Update on CASTOR trial: Daratumumab, bortezomib, and dexamethasone for relapsed or refractory myeloma

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Published: 3 Mar 2017
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Dr Suzanne Lentzsch - Columbia University, New York, USA

Dr Lentzsch speaks with ecancer at the 16th International Myeloma Workshop about the CASTOR trial.

The CASTOR trial is a phase III randomised controlled study of daratumumab, bortezomib, and dexamethasone (DVd) versus bortezomib and dexamethasone (Vd) in patients with relapsed or refractory multiple myeloma.

Dr Lentzsch also spoke with ecancer about the future of precision medicine in treating myeloma.

ecancer's filming has been kindly supported by Amgen through the ECMS Foundation. ecancer is editorially independent and there is no influence over content.

Today I will present a poster and I will give an oral poster presentation afterwards. What I’m presenting is a follow-up of the CASTOR trial. The CASTOR trial is a phase III randomised trial that randomises patients with relapsed refractory multiple myeloma into a Velcade dexamethasone arm versus a Velcade dexamethasone and daratumumab arm. We are presenting today follow-up data with a median follow-up of 13 months and what we show is that the outcome is significantly different, that patients who receive daratumumab Velcade-dex in comparison to Velcade-dex have a significantly better progression free survival and also a significantly better response rate. The data are too immature for overall survival; fortunately our patients live so long that the data are not mature to present those data.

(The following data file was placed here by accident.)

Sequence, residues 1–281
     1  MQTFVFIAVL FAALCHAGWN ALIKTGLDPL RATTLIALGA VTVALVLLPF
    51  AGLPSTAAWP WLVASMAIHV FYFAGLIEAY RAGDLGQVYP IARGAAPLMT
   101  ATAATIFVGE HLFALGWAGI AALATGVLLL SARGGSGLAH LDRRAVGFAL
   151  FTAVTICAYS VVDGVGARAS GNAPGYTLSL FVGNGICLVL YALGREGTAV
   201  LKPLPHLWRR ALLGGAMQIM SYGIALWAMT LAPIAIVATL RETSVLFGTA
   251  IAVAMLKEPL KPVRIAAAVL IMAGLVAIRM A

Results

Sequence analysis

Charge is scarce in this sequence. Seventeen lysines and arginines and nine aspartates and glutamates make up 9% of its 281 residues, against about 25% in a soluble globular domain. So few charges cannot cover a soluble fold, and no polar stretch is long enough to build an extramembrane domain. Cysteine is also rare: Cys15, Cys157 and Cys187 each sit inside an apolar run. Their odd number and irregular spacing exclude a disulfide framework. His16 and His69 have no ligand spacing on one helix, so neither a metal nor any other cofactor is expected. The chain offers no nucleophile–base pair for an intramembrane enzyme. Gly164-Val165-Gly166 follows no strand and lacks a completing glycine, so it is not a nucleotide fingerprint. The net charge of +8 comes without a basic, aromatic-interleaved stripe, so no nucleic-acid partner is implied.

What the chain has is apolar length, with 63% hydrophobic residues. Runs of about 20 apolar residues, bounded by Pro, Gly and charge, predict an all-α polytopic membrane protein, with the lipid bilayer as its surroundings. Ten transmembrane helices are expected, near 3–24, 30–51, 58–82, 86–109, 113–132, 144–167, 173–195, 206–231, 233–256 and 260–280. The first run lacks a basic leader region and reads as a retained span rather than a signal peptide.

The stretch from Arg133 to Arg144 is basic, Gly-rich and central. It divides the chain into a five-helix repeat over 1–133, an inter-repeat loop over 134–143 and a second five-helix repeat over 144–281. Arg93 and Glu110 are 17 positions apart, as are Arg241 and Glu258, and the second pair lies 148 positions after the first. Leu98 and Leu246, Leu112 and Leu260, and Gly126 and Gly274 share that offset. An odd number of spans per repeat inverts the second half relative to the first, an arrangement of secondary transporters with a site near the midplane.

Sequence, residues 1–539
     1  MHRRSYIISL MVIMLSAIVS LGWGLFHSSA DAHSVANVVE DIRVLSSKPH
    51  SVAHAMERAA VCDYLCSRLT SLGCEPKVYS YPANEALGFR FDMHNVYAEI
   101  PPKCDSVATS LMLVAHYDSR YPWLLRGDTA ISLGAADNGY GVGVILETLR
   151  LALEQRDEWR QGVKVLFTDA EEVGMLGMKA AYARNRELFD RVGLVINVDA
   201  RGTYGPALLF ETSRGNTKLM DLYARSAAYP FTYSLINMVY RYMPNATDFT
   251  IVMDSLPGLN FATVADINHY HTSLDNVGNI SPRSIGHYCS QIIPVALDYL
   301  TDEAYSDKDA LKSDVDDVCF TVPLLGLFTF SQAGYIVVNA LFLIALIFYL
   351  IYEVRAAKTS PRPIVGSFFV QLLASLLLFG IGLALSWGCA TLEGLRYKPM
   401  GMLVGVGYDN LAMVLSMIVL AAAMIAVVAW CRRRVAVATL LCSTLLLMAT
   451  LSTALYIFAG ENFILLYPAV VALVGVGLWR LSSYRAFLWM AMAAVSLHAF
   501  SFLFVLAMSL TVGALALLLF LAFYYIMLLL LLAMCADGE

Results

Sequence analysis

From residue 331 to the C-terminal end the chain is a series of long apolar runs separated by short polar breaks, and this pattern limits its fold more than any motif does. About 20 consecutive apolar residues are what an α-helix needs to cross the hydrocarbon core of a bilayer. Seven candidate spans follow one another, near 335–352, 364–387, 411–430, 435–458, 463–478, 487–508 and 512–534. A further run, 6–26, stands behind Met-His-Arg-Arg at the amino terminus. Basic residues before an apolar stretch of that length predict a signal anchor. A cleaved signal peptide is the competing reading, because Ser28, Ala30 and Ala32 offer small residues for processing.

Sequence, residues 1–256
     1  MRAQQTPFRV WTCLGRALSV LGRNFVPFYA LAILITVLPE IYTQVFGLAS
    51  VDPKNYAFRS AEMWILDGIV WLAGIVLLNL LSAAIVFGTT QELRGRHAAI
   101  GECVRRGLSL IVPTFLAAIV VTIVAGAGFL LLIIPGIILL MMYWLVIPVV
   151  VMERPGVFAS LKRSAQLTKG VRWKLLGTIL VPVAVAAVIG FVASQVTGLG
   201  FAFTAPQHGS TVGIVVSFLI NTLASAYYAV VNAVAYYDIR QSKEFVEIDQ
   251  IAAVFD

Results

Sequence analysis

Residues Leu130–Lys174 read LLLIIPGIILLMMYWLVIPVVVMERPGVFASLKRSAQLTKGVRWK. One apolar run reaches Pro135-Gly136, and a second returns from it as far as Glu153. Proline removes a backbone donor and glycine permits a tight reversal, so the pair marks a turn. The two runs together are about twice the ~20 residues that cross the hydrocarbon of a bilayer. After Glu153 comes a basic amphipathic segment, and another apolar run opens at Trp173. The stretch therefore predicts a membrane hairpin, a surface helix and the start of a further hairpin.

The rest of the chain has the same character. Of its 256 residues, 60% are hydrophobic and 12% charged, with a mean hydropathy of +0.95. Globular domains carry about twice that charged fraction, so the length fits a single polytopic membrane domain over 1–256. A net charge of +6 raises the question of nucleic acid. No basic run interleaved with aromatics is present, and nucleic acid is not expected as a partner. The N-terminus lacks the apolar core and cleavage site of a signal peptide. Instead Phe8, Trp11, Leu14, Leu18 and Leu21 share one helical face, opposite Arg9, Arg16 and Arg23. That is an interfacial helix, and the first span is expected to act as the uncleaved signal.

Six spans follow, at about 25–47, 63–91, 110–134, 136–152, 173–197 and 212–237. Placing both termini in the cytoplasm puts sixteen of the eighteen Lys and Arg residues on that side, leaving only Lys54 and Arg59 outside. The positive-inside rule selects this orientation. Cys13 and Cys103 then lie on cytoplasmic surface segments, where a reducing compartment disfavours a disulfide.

We also did do a sub-analysis of what are the factors that really contribute to the outcome. So, for instance, we could identify that patients who received only one prior line of treatment have the best outcome. That suggests that if you treat patients in the relapsed refractory situation earlier, at the first relapse, they might have a better outcome and the difference between daratumumab Velcade-dex and Velcade-dex alone is very high. We also found that daratumumab Velcade and dex induces a significant amount of negative MRD, MRD negativity. Patients who are MRD negative have an excellent outcome and 100% progression free survival with a median follow-up of 13 months, so excellent data.

So, in summary, what we found in our clinical trial is that patients who have an early relapse do much better and that daratumumab Velcade-dex is able to induce MRD negativity with an excellent progression free survival.